Let’s keep movies from becoming fast food

Reflections on the sidelines of the latest edition of the Venice Film Festival

The first film festival in the world stubbornly maintains its old name, ie “International Film Festival”. In Italy alone there are over 70 film festivals a year, and the idea behind it is often that it is one event, a party, a moment of leisure and detachment from everyday life. In fact, an event like Venice it is quite one Harvest, that is a fair, a moment in which to immerse oneself in everyday life, observing contemporary artistic trends, that is what authors and authors have to say about today. So it is good that we say “Exhibition” and not festival, and that the frame is the broad one of the Venice Biennale (founded in 1895), which also includes other arts.

The 79th Exhibition which ended on 10 September was also the 90th anniversary edition. Founded in 1932 by the hierarch Giuseppe Volpi (made count for having repressed the rebels in Tripolitania), it was born in ambiguity. On the one hand it was a propaganda operation by the regime, on the other it was, in fact, a place of coexistence of works in contrast with each other: René Clair, Leni Riefenstahl, Ernst Lubitsch, Aleksandr Dovženko and Mario Camerini brought their films there . Those works were the mirror of time and the conflict between the worldviews expressed therein predicted the Second World War, which would break out seven years later.

Here, with this awareness, we participate in the Venice Film Festival which, with Cannes and Berlin, is one of the most effective mirrors of reality available.

What did this year’s mirror show? In the first place, many films emanated a certain claustrophobia, an evident tendency among the works displayed by the «Interfilm» Jury, of which I was a part, starting with the award-winning film, The Whale by Darren Aronofsky, which speaks of a man “confined to the body, home and life” (from the motivation for the award). Not to mention viruses, masks and conspiracy theories (even if White noise by Noah Baumbach does so with a film set in Reagan America), cinema captures an important aspect of these two years of pandemic. To stay in the Covid area, I point out The Son by Florian Zeller, on the taboo of adolescent mental distress.

Secondly, the figure of the producer seems to have disappeared. Of course, if there are films, there are those who finance them, but a book “alla Recalcati” could be written about the absence of the “producer as a father”. In fact, the authors do not seem to have limits, if not economic. Fixed the money problem, they can make the films they want, often too long and not very mature. I would not want to trivialize the issue of financing a film, but focus on the fact that the works improve thanks to the conflict, a bit like in a healthy parent-child relationship, where, in order for the child to be able to express himself at his best, the parent plays a crucial role of encouragement and contrast.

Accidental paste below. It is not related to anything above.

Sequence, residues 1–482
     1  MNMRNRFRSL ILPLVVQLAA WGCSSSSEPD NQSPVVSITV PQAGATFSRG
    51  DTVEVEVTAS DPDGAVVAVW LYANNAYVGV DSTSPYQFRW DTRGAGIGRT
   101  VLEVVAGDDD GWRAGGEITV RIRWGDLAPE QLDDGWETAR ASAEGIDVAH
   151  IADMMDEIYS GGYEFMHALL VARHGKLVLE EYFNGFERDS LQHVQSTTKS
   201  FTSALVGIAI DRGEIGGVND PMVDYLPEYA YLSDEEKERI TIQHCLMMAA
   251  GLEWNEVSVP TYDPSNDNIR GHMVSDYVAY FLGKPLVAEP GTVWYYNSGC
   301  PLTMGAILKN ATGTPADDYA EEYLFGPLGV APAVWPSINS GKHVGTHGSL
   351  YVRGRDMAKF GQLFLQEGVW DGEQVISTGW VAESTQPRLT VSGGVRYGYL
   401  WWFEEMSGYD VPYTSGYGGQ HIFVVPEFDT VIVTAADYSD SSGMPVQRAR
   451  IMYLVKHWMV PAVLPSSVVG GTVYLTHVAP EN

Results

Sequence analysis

This trend, in which the director is unable to best package his film, is visible above all in Netflix productions, but not only. Presented as the definitive emancipation of the director as the final and total author of the work, it is instead a degradation of films to an exclusively commercial product. In other words, production companies need titles to be put in the catalog, preferably accompanied by prestigious names. So it is not important if the film is good, if a mediocre film can become a masterpiece with the necessary precautions: the important thing is the quantity of titles that are offered to customers. Who can fix this before movies (especially streaming) permanently turn into Hamburger from fast food?

Last note: at the Mostra there was a certain divergence between the votes given to films by Italian and foreign critics. Roughly speaking, Italians rarely reject an Italian film, while they often brand Anglo-Saxon films as “Hollywood American”; on the other hand, foreigners often struggle to understand Italian films (ie, Italian films cannot speak to a foreign audience). When an Italian is liked abroad (think of Luca Guadagnino), some Italian critics ridicule his success. The nationalist subdivision of criticism is problematic and, perhaps, hides other mechanisms: Gianni Amelio’s outburst against a critic who rejected Hammamet at the time of him caused a sensation probably because it was done in public; he who knows what happens in private, between authors, distribution and the press, in a country where parties and powerful enter the productive sectors promiscuously.

To this is perhaps added a further problem that concerns us directly: the difficulty of many Italian critics in analyzing and receiving spiritual and theological elements in films. As an Interfilm Jury, we were amazed that the films that struck us most from the theological point of view were branded as banal, superficial and flat. Perhaps this is why those who believe that a spiritual gaze and a secular gaze can coexist must continue to see films and tell what they have learned from them.

Let’s keep movies from becoming fast food